Effective Meetings & the Change Management Process | Operational Excellence Quick Hits

Quick Hits share weekly tips and techniques on topics related to Operational Excellence. This week’s theme relates to Organizational Performance Part 6: Effective Meetings. We hope you enjoy the information presented!

, Effective Meetings & the Change Management Process | Operational Excellence Quick Hits, Future State Engineering
, Effective Meetings & the Change Management Process | Operational Excellence Quick Hits, Future State Engineering

Speaker 2: (00:06)
In this session on organizational excellence, we’re going to talk about the change management process and part of that change management processes is being able to conduct effective meetings. So this session, we’re going to talk about effective meetings. Part of the change, the management process, we have this matrix of the negatives of not changing the positives of change, the positives of not changing and the negatives of change. So again, if you’re facilitating a meeting and you have this change management matrix in mind, what you want to do is make sure that you’re able to facilitate the meeting to take into consideration people that can be in all four of these boxes. How do we conduct effective meetings? So some techniques here for conducting effective meetings, first always come prepared for the meetings. That means beforehand, we should have an agenda, action items signed, assigned from previous meetings and so forth.

Speaker 2: (01:06)
What that doesn’t mean is don’t start preparing for the meeting 10 minutes before the meeting? You should be preparing well ahead of time. So you come into the meeting, prepared second, always have a meeting agenda. So we can’t have an effective meeting without an agenda. Also, assign somebody that’s going to facilitate the meeting. Somebody that’s going to be the scribe and somebody who’s going to be the timekeeper to keep the meeting on schedule. And so for the scribe, I always like to take the meeting notes in the meeting and assign action items during the meeting. So at the end of the meeting, the minutes can be distributed and you’re not spending time after the meeting to do the minutes. Next, start and end the meetings on time. So don’t wait for people to show up. If they’re late, then they’ll miss part of the meeting, but we want to make sure that we start and end on time because there’s usually many people in the meeting and their time is important.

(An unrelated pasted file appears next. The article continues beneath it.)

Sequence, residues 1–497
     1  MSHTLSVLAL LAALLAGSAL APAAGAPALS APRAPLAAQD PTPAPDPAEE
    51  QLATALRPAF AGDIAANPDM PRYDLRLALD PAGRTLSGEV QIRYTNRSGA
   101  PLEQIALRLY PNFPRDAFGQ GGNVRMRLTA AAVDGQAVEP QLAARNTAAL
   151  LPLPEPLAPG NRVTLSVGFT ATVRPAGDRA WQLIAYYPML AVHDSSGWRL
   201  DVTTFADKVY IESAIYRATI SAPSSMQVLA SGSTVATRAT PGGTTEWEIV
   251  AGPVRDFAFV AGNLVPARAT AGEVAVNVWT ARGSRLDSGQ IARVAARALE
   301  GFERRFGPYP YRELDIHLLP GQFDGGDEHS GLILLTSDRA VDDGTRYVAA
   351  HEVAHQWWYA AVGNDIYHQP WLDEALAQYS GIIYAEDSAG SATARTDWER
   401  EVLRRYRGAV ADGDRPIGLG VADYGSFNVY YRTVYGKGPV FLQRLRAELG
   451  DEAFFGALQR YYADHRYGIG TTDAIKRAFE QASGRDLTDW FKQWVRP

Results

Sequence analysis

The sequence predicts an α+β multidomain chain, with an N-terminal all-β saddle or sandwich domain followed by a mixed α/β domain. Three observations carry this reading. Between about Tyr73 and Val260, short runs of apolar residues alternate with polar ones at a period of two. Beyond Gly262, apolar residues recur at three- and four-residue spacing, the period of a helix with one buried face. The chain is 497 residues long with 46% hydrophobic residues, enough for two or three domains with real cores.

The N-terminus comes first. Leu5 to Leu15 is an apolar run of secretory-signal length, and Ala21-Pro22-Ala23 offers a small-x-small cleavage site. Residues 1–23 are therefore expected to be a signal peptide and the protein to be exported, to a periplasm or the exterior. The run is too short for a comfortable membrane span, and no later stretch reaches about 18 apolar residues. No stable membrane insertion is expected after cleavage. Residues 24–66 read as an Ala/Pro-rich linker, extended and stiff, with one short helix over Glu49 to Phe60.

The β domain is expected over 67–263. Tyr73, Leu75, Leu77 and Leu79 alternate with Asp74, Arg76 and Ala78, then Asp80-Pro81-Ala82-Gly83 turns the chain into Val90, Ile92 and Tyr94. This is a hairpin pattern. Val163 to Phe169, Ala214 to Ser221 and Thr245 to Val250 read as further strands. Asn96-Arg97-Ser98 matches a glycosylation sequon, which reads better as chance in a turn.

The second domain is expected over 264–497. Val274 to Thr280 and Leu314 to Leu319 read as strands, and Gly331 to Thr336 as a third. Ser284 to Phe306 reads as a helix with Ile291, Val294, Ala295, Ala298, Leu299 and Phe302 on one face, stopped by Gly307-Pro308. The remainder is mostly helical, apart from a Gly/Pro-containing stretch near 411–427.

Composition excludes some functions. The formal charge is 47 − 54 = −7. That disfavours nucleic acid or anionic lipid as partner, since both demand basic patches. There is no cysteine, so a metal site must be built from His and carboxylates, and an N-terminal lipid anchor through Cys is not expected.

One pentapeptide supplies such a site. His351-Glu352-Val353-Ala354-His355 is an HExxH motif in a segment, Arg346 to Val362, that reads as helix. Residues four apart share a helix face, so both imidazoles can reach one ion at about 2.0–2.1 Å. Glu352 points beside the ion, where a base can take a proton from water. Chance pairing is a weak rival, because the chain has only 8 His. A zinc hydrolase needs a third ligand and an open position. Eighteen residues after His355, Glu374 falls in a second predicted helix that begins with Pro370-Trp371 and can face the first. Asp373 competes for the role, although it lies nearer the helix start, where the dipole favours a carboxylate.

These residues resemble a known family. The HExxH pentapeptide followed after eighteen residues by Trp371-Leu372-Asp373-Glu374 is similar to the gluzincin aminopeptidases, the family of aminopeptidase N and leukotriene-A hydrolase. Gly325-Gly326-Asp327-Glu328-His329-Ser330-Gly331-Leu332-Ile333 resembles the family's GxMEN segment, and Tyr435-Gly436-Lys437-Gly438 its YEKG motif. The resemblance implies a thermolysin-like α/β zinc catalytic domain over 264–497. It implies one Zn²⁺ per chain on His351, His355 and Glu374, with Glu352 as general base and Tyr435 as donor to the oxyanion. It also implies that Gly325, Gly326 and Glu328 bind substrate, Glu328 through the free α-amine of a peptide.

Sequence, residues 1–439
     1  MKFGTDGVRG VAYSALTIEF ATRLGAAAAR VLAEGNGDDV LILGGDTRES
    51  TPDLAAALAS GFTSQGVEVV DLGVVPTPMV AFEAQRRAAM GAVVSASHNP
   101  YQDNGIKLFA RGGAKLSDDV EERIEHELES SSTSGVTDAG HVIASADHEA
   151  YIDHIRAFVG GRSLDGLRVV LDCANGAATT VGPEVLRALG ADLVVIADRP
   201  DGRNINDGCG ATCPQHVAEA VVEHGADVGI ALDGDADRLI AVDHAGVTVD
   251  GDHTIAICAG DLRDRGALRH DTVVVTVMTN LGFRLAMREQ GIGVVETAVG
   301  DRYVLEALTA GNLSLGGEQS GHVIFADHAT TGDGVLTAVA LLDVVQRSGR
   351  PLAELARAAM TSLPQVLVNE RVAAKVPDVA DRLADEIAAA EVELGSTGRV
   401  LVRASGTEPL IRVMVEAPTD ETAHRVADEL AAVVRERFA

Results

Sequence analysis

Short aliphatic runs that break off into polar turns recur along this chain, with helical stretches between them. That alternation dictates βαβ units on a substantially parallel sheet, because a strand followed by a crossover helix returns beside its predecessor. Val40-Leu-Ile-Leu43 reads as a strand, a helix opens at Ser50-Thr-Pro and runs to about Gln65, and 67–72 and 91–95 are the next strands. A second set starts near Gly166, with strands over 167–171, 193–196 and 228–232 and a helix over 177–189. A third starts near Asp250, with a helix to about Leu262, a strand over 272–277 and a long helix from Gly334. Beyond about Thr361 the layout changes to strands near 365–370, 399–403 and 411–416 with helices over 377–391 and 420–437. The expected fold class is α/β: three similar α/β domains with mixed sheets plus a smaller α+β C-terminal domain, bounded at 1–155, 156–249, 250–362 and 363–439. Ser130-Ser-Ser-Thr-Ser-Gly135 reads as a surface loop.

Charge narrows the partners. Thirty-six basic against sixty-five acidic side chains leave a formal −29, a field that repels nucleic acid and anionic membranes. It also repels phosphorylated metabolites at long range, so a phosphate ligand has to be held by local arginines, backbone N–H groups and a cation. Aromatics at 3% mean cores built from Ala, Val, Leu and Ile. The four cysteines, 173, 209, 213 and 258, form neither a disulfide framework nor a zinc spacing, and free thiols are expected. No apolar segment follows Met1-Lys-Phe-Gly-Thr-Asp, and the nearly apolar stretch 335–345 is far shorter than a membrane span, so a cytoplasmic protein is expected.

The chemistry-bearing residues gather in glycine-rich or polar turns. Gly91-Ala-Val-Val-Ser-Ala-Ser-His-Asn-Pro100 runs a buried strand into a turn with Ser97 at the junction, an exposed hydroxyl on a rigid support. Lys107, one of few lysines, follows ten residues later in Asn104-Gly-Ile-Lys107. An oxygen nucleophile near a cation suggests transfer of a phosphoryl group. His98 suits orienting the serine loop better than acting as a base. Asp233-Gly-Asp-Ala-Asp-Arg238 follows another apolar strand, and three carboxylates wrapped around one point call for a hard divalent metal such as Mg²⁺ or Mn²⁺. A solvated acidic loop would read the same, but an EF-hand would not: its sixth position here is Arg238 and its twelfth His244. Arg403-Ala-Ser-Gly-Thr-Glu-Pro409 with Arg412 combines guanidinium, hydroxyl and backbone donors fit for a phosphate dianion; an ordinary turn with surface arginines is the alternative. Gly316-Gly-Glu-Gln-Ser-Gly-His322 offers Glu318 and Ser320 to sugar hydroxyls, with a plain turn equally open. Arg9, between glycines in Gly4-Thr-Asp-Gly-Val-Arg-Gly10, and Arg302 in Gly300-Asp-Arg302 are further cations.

Speaker 2: (02:02)
Next is focus on abnormality. So we want to discuss the things that aren’t going well. We don’t want to focus on the things that are going well. So don’t repeat all the things that have gone well. We want to just focus on those abnormalities, where are the issues? And the key here is don’t solve the problems in the meeting. So the problem arises, have a discussion, a brief discussion about what is the problem, get agreement on the problem, and then assign it offline to have somebody work on coming up a resolution to the problem outside the meeting. So then they come back to the next meeting and report what they found and what the action items needed to be to go forward. And then lastly, practice, WAIT, so WAIT stands for, why am I talking? So if you haven’t heard this terminology, here’s a brief flow chart that talks about WAIT, which means why am I talking?

Speaker 2: (02:59)
We can start with this flow chart and say, okay, why am I talking? I have something really important to say, if, no, why am I talking if, or I have a very strong opinion to share? If yes, then is that the correct time to do that? If, no, why am I talking? If it is the correct time, be concise. Make sure you’re explaining exactly what your point is in as few words as possible. Also, on the other side here, why am I talking? I have an on-topic contribution. If no, then why am I talking? If yes, is it my turn to share my opinion? If, no, why am I talking? If yes, did someone else already make this contribution? If yes, why am I talking? We don’t need to rehash what somebody else has already brought up if no, be concise.

Speaker 2: (03:51)
Here’s some basic simple tips to help make meetings more effective. And most companies I go into their in meetings for hours and hours and hours, try to make the meeting short and concise. So I like 15 minute meetings or 30 minute meetings. If you can’t keep the meeting short, one of the techniques to shorten the meetings is have stand-up meetings. When people are standing the whole meeting, it’s amazing. The meetings go relatively quickly. Hopefully you can use some of these techniques in your organization to improve your meeting effectiveness. This is an important part of the change management process, effective meetings.